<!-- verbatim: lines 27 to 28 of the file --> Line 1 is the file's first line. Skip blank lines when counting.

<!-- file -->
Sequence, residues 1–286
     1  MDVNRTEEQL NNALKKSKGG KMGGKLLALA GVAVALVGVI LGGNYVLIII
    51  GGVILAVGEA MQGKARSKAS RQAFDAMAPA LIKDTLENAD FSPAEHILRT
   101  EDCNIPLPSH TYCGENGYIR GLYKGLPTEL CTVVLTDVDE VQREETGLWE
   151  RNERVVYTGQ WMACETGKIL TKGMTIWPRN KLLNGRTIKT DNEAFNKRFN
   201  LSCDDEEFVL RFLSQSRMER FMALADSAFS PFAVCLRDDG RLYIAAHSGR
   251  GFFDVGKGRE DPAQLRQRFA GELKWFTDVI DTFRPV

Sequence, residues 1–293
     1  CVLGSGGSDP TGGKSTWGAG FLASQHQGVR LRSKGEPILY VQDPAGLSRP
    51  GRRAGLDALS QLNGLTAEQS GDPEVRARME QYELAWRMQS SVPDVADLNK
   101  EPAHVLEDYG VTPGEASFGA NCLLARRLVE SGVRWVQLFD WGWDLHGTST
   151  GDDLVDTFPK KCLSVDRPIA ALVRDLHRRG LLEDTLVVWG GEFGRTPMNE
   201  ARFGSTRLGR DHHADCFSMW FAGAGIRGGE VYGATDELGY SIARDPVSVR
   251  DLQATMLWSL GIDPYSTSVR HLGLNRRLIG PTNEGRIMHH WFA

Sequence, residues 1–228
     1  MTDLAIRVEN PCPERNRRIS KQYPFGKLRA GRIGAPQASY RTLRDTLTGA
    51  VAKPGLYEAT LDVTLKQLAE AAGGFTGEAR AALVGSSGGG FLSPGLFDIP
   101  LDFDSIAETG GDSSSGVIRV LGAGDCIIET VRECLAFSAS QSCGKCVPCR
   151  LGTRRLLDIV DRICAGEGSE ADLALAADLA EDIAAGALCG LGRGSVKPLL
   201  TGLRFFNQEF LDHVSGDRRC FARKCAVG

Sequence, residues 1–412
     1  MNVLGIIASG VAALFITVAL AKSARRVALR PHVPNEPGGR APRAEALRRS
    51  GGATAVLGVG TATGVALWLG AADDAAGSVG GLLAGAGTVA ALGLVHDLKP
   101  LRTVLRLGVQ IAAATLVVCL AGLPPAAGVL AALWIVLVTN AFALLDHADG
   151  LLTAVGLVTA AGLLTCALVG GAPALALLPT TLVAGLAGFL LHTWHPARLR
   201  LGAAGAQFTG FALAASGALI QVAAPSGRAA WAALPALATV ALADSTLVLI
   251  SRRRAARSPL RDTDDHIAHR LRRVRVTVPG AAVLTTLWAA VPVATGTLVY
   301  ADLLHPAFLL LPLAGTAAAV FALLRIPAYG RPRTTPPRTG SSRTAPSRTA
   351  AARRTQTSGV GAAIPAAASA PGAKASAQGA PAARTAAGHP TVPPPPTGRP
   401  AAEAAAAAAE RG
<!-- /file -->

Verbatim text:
   251  SRRRAARSPL RDTDDHIAHR LRRVRVTVPG AAVLTTLWAA VPVATGTLVY
   301  ADLLHPAFLL LPLAGTAAAV FALLRIPAYG RPRTTPPRTG SSRTAPSRTA